This article relies on the dataset included in last year’s federal budget because the new budget has not yet been released. As such, the FY 2016 outlays were only an estimate (as was FY 2016 GDP), but OMB’s estimate was that the grant outlays would total 0.344% of GDP, which is not that far off from the average over the last 30 years.

To put it in dollar terms, those FY 2016 grant outlays were anticipated to be $63.5 billion. How much would the federal government have to increase spending, in dollar terms, to get back to those historical average shares of GDP?

The most recent GDP data available is for calendar year 2016 – $18.689 trillion. Multiplying the historical average GDP shares by the CY 2016 total, the equivalent total spending to hit the 1957-1986 average would be $92 billion per year, the total spending to maintain the average of the last 30 years (1987-2016) would be $69 billion per year, and the total spending to maintain the average spending level of the last 60 years would be $80.7 billion per year.

In order to get back to the average spending of the last 30 years, the federal government would only have to increase spending for these grants by about $5.5 billion per year – an increase of less than 9 percent over current estimated spending levels. Getting back to the historical average over the last 60 years would require an extra $17.2 billion or so per year, a 27 percent spending increase. And getting back to the spending levels of the first 30 years of the Interstate era – a timeframe which included peak Interstate spending and the peak water and transit spending – would require an extra $28.5 billion per year, a 45 percent increase.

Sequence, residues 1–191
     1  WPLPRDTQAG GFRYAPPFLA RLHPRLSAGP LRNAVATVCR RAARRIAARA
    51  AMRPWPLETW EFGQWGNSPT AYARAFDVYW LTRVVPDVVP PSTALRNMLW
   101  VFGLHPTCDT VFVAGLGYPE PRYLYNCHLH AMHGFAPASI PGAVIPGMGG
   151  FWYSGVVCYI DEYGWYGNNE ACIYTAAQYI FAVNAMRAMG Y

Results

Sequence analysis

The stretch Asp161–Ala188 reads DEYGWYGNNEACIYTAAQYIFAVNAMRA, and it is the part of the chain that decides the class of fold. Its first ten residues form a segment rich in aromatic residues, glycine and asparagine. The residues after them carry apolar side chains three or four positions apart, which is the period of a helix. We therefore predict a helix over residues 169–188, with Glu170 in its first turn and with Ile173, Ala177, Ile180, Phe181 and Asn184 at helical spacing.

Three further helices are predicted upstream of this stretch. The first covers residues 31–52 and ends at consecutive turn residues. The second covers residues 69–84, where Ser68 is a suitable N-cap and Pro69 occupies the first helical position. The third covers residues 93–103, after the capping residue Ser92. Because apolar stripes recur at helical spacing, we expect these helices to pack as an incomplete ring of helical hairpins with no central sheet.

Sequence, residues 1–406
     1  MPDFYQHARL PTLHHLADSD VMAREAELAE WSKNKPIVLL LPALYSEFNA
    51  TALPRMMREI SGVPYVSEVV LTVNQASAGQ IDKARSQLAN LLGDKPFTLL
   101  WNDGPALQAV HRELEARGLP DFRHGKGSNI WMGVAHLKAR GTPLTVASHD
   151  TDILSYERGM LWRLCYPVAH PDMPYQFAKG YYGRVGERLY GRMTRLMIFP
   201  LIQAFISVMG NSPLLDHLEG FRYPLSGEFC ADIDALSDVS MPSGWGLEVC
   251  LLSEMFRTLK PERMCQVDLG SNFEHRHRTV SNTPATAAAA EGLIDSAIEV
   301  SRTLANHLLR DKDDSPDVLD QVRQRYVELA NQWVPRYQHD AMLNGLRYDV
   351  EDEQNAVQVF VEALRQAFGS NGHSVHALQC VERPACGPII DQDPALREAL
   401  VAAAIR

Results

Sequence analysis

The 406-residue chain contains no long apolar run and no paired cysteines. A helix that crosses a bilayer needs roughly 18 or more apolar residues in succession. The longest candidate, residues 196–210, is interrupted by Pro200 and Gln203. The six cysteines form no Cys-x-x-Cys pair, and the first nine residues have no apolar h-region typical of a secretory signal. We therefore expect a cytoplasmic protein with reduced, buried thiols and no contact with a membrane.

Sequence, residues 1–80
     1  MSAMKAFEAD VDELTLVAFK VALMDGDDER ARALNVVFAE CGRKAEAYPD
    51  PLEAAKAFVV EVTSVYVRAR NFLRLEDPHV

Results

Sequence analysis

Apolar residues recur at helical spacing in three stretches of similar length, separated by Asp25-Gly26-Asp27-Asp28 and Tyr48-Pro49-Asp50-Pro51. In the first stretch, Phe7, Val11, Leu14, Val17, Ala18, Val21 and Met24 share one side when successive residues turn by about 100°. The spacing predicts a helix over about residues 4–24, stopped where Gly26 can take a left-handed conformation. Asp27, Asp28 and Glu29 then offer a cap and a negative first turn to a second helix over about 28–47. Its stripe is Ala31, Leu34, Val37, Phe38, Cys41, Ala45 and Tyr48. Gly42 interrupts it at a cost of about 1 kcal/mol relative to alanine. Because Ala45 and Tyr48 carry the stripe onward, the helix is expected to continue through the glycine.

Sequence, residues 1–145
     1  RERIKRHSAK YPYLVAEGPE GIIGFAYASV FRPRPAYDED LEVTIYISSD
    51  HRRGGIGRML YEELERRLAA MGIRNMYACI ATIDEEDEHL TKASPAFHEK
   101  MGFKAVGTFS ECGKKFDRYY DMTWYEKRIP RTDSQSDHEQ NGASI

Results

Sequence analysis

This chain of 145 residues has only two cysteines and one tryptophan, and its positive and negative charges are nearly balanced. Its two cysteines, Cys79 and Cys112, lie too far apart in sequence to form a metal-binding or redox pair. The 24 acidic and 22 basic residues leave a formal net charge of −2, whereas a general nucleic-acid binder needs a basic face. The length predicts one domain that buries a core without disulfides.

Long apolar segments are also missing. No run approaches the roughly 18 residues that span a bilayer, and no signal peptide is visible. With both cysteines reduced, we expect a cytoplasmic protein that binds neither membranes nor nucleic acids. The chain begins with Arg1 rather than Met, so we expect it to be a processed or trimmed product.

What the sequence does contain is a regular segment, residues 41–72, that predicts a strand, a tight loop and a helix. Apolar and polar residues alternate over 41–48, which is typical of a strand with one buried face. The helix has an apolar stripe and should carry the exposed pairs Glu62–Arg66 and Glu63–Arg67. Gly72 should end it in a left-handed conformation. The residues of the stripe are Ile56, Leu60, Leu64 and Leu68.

Of course, the shifting priorities of lawmakers over the last 60 years mean that different modes are at different places compared to their historical spending averages.

Highway spending would have to be increased by $4.6 billion per year to get back to the average of the last 30 years and $16.3 billion per year to get back to the average of the last 60 years. (Going back to the spending rates of the peak Interstate era would be a major policy reversal – the huge spending for Interstate construction was intended by Congress to be a one-time deal, and the original plan was for maintenance of the Interstate system to be exclusively a state responsibility.)